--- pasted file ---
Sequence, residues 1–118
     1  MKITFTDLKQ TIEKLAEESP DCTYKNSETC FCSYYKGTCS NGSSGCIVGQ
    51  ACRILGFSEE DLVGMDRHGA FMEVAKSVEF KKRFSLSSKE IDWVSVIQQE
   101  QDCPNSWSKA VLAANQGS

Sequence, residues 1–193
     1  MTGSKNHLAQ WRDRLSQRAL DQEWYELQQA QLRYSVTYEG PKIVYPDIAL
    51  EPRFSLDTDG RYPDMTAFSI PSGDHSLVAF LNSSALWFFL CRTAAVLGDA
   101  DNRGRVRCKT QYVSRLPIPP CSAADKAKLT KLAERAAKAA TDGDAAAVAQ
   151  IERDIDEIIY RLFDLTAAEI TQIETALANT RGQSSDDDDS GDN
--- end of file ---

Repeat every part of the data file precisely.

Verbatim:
Sequence, residues 1–118
     1  MKITFTDLKQ TIEKLAEESP DCTYKNSETC FCSYYKGTCS NGSSGCIVGQ
    51  ACRILGFSEE DLVGMDRHGA FMEVAKSVEF KKRFSLSSKE IDWVSVIQQE
   101  QDCPNSWSKA VLAANQGS

Sequence, residues 1–193
     1  MTGSKNHLAQ WRDRLSQRAL DQEWYELQQA QLRYSVTYEG PKIVYPDIAL
    51  EPRFSLDTDG RYPDMTAFSI PSGDHSLVAF LNSSALWFFL CRTAAVLGDA
   101  DNRGRVRCKT QYVSRLPIPP CSAADKAKLT KLAERAAKAA TDGDAAAVAQ
   151  IERDIDEIIY RLFDLTAAEI TQIETALANT RGQSSDDDDS GDN